Between 1900 and 1956, women increased from a small proportion of public company stockholders in the U.S. to the majority. In fact, by the 1929 stock market crash, women stockholders outnumbered men at some of America’s largest and most influential public companies, including AT&T, General Electric, and the Pennsylvania Railroad. This Article makes an original contribution to corporate law, business history, women’s history, socio-economics, and the study of capitalism by synthesizing information from a range of historical sources to reveal a forgotten and overlooked narrative of history, the feminization of capital—the transformation of American public company stockholders from majority-male to majority-female in the first half of the twentieth century, before the rise of institutional investing obscured the gender politics of corporate control.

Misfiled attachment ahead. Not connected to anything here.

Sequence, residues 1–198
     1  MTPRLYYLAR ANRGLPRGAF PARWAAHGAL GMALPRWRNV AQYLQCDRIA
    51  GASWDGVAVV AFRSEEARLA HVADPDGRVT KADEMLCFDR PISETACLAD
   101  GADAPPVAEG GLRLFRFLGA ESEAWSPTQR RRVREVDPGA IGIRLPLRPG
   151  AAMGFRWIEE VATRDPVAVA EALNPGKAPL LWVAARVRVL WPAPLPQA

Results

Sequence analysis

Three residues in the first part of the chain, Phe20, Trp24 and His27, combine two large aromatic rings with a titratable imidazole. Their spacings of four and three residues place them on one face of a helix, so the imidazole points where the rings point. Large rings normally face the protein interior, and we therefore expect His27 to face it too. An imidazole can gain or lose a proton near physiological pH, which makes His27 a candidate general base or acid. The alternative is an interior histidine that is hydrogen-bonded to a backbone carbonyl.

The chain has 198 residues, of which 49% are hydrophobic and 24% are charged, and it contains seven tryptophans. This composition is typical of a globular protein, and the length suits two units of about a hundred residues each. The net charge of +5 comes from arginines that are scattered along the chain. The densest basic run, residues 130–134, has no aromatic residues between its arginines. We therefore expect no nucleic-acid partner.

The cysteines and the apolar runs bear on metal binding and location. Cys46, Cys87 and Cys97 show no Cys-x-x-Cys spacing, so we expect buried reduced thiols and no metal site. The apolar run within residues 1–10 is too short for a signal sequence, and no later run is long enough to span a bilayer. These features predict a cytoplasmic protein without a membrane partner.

Corporate law scholarship has never before acknowledged that the early decades of the twentieth century, a transformational era in corporate law and theory, coincided with a major change in the gender of the stockholder class. Scholars have not considered the possibility that the sex of common stockholders, which was being tracked internally at companies, disclosed in annual reports, and publicly reported in the financial press, might have influenced business leaders’ views about corporate organization and governance. This Article considers the implications of this history for some of the most important ideas in corporate law theory, including the “separation of ownership and control,” shareholder “passivity,” stakeholderism, and board representation. It argues that early-twentieth-century gender politics helped shape foundational ideas of corporate governance theory, especially ideas concerning the role of shareholders. Outlining a research agenda where history intersects with corporate law’s most vital present-day problems, the Article lays out the evidence and invites the corporate law discipline to begin a conversation about gender, power, and the evolution of corporate law.